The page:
NEW YORK--Good communication about the dying process can reduce fear and promote decision-making, but accurate information about resuscitation and artificial hydration and feeding is often not communicated, Judith C. Ahronheim, MD, said during a teleconference on communication of end-of-life issues organized by Cancer Care, Inc.
NEW YORK--Good communication about the dying process can reduce fearand promote decision-making, but accurate information about resuscitationand artificial hydration and feeding is often not communicated, JudithC. Ahronheim, MD, said during a teleconference on communication of end-of-lifeissues organized by Cancer Care, Inc.
"In a setting of advanced metastatic cancer, the chances of survivingcardiac arrest are slim, and that should be communicated to patients,"said Dr. Ahronheim, an internist who specializes in geriatric care andis also deputy executive director for Choice in Dying, an organizationthat fosters patient autonomy in medical decision-making.
She stressed that when discussing Do Not Resuscitate orders, "itis very important to let the patient or loved one know that going withoutCPR will allow death to occur peacefully and naturally."
Although patients in intensive care are generally receiving a numberof life-sustaining treatments, people view the respirator as the prototypeof the treatment they want to avoid at the end of life because they fearit will be uncomfortable and unnecessarily prolong life.
Dr. Ahronheim said that the respirator and accompanying treatments canbe uncomfortable, but, she pointed out, many patients are sedated duringthis time, either intentionally with medication to keep them comfortableand keep their breathing synchronized with the respirator, or naturallybecause the disease produces a natural sedation.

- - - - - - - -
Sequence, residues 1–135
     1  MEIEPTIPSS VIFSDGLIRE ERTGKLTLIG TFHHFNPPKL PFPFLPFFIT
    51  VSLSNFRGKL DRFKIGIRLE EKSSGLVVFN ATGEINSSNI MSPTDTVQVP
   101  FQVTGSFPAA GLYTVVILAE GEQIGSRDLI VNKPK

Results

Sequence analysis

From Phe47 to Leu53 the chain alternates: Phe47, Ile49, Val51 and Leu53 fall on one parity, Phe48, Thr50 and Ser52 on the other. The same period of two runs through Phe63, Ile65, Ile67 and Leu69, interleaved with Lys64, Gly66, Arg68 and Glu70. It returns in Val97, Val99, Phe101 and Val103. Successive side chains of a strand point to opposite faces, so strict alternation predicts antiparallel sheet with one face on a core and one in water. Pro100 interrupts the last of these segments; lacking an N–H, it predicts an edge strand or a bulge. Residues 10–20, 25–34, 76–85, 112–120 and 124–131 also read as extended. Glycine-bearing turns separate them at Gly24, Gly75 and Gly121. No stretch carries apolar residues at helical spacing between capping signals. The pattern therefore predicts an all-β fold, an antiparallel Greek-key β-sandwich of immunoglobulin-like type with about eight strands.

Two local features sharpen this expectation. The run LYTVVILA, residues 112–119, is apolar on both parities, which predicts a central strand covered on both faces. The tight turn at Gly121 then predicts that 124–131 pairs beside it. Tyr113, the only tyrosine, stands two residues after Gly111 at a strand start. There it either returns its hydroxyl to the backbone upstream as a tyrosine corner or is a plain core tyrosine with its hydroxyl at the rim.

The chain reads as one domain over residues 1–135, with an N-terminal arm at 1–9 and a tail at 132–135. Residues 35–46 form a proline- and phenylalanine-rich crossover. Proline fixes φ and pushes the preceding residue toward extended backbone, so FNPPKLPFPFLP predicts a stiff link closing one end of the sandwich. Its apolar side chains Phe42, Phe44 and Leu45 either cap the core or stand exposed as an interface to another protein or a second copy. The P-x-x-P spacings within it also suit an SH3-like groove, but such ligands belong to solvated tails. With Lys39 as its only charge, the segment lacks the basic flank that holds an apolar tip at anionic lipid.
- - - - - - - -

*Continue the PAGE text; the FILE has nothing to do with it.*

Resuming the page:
If the Patient Is Alert
She noted that many people would rather be alert while on a respirator,but when they are alert, "the situation changes." If the patientis expected to recover, use of the respirator is generally not an issue,but patients who are aware or fear that they're going to die may be preoccupiedwith thoughts of dying and fear having the respirator disconnected.
"They need to talk about this in advance and be reassured thattheir dying can be made peaceful if they are taken off the respirator,"she said.
Dr. Ahronheim believes that myths have grown up around artificial hydrationand nutrition, and thus patients may base their decisions about receivingsuch treatments on inaccurate information.
In her research (Clin Geriatric Med, May 1996), she has found four commonmyths .
With few exceptions, she said, there is little evidence that tube feedingprovides comfort to dying patients. "In most cases, a patient willbe more comfortable if food and fluids are given according to his or herdesire," she said.
Tube feeding also has many potential side effects and is often verypoorly tolerated, she said. Theoretically, nasogastric feeding could impairswallowing and reduce the competence of the lower esophageal sphincter,while gastrostomy tubes might enhance gastroesophageal reflux, she commented.
As for preventing aspiration, Dr. Ahronheim said there is no reliableinformation that tube-fed patents do better or worse than impaired spoon-fedpatients, and a review of the literature fails to demonstrate any evidencethat any form of tube feeding reduces the risk of aspiration pneumonia.
Forgoing artificial nutrition and hydration at the end of life willnot lead to a painful death, Dr. Ahronheim said. Rather, it is consistentwith a peaceful and pain-free death, as occurs when a patient is in a coma.Life-sustaining treatments may awaken patients from this natural anesthesia,preventing death from occurring peacefully and naturally.